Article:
The Playlist has published their review for ‘The Disappearance of Eleanor Rigby’. As if we didn’t need to be more excited and curious about the movie. Check some excerpts:
Filmmaker Ned Benson has been working on his “Eleanor Rigby” project for over 7 years. Having met Jessica Chastain 10 years ago, during a film festival where she saw and fell in love with one of his shorts, the project became something of a passion for the two of them. Chastain’s best friend Jess Weixler became involved and the idea of telling a story about a seismic incident that can topple a strong relationship between a man and a woman began to develop. Chastain has even mentioned that Benson would visit her on set of Terrence Malick’s “Tree of Life” to write pages of his story and get inspired by Malick’s method (there’s an unmistakable Malickian influence in the tone of “Eleanor Rigby”). What began as a story about a woman, written specifically for Chastain, started to grow into something much deeper and bigger, until Benson realized the potential of a pretty ingenious concept. Telling the same story from two different perspectives: “Him” and “Her.” Benson then took the idea further, screening both versions back-to-back at TIFF, with “Him” first, with the intention that the films be released separately to the public, most likely to give the choice to the viewers on which one they would like to see first.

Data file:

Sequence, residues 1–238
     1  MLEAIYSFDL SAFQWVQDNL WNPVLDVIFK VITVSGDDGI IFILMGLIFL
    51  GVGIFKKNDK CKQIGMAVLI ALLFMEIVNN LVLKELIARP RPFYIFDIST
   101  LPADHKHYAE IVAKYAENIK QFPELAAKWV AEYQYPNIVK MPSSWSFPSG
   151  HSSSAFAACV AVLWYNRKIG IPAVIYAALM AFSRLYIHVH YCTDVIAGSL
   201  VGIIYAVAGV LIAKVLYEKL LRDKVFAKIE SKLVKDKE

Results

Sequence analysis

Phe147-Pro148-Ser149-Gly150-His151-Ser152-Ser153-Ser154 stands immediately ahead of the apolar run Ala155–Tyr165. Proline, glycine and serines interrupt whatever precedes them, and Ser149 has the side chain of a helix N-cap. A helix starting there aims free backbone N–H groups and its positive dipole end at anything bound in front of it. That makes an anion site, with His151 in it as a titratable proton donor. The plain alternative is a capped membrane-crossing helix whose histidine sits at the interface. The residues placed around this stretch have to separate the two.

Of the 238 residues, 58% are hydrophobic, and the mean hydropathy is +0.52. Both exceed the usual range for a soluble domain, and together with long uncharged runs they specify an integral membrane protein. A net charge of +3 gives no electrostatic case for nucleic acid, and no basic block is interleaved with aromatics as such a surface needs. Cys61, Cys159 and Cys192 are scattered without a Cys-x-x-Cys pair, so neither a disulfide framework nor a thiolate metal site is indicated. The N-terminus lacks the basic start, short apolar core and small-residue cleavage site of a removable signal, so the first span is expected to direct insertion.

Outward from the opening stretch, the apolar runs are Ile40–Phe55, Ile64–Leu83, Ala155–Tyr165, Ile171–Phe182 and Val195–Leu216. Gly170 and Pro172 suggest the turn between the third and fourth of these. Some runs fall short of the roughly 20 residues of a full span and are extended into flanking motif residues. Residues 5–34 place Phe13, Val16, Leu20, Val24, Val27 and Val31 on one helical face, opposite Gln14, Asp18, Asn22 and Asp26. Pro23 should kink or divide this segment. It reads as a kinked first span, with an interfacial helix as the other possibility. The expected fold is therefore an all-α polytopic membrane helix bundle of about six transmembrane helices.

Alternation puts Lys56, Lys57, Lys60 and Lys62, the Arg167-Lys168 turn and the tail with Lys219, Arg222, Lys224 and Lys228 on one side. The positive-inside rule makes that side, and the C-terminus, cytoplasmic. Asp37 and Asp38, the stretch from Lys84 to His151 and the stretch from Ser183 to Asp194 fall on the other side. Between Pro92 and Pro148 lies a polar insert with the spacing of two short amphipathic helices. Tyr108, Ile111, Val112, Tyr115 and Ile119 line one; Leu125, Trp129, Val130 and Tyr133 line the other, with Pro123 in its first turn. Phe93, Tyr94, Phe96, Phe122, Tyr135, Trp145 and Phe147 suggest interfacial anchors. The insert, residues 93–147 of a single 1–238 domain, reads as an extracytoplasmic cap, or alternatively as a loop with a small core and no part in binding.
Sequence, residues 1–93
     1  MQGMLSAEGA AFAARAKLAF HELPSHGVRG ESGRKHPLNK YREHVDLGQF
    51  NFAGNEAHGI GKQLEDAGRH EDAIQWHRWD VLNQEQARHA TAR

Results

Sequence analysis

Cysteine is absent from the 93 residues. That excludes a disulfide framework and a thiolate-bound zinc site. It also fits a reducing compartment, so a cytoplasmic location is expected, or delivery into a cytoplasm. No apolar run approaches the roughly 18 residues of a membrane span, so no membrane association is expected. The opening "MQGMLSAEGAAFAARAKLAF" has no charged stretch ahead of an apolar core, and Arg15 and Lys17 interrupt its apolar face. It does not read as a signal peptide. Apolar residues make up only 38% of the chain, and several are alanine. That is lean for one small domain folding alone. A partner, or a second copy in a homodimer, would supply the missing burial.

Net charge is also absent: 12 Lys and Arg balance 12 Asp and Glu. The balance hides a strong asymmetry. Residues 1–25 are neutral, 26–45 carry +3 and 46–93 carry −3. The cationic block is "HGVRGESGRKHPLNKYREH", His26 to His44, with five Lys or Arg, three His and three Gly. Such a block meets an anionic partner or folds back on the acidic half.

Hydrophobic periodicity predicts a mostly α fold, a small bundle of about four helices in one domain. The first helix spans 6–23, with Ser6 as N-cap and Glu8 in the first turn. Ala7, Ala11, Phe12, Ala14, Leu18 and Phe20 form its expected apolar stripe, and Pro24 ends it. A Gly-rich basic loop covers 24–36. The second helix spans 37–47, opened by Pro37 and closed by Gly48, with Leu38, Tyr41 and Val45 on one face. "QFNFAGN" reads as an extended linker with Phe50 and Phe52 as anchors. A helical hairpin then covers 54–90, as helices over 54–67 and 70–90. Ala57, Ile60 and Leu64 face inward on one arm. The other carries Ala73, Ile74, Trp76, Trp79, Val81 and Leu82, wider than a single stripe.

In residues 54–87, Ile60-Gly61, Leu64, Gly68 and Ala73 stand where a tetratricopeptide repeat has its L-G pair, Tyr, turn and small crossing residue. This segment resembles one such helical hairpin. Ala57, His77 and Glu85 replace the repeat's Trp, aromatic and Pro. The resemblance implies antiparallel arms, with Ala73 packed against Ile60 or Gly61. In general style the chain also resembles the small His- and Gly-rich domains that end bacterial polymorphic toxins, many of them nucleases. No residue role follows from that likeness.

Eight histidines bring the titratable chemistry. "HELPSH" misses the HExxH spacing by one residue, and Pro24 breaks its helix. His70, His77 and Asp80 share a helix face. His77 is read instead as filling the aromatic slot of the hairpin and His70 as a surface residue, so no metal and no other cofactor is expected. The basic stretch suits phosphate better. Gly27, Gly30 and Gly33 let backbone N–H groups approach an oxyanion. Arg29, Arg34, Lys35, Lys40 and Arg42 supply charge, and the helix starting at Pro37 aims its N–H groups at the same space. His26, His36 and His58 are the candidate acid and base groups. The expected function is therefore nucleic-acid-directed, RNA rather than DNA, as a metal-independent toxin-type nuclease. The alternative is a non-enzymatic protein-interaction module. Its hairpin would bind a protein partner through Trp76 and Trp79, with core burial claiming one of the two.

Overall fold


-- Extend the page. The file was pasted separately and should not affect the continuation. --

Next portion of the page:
(…)The story revolves around a couple who have been together for 7 years; Connor (James McAvoy) is a 33-year-old bar-owner and Eleanor (Chastain) is struggling with unhappiness and needs a change. One day, she decides to start from scratch and disappear from Connor’s life, asking him not to contact her nor to try and find her. In “Him”, we follow Connor as he talks to his friends (including his chef played by the priceless Bill Hader) and his father (Cirian Hinds, in a very nuanced and endearing performance), trying to understand the situation and dealing with this incredibly impactful change in his life. In “Her” we see some of the same events that transpired in “Him” but from Eleanor’s vantage point, as she attempts to make some kind of meaningful change in her life with the help of her family (William Hurt and Isabelle Huppert are her parents and Weixler is her sister) and her teacher (Viola Davis, in easily her best role since “The Help”). How do you move on? Where does “you” stop and “us” begin? Can a person truly change? These questions, and more, percolate in Benson’s epic story of love, life, loss, happiness and family.
Perhaps it sounds all a bit too Hallmark (to use one of the characters phrases), and in the hands of some of other less talented artists these kinds of stories nosedive straight into the territory of some bad made-for-cable Lifetime movie. But Benson’s multi-layered, organically paced, delicate and quite often hilarious screenplay holds it all together with wit and . He was also fortunate enough to land the perfect ensemble cast. McAvoy has never been better; obviously comfortable with the role and completely understanding Connor’s confusion, he looks relaxed and is inherently likable from the very first frame. Chastain’s Eleanor is cold and distant compared to Connor, but as the delicate actress that she is, she gives all of herself and delivers another highly nuanced, human character. The rest of the supporting cast, including the perfect fathers Hinds and Hurt, the wine-drinking Huppert going through a “quiet crisis” and the cynically hilarious and gentle soul that is Viola Davis all just add to the strengths of the film.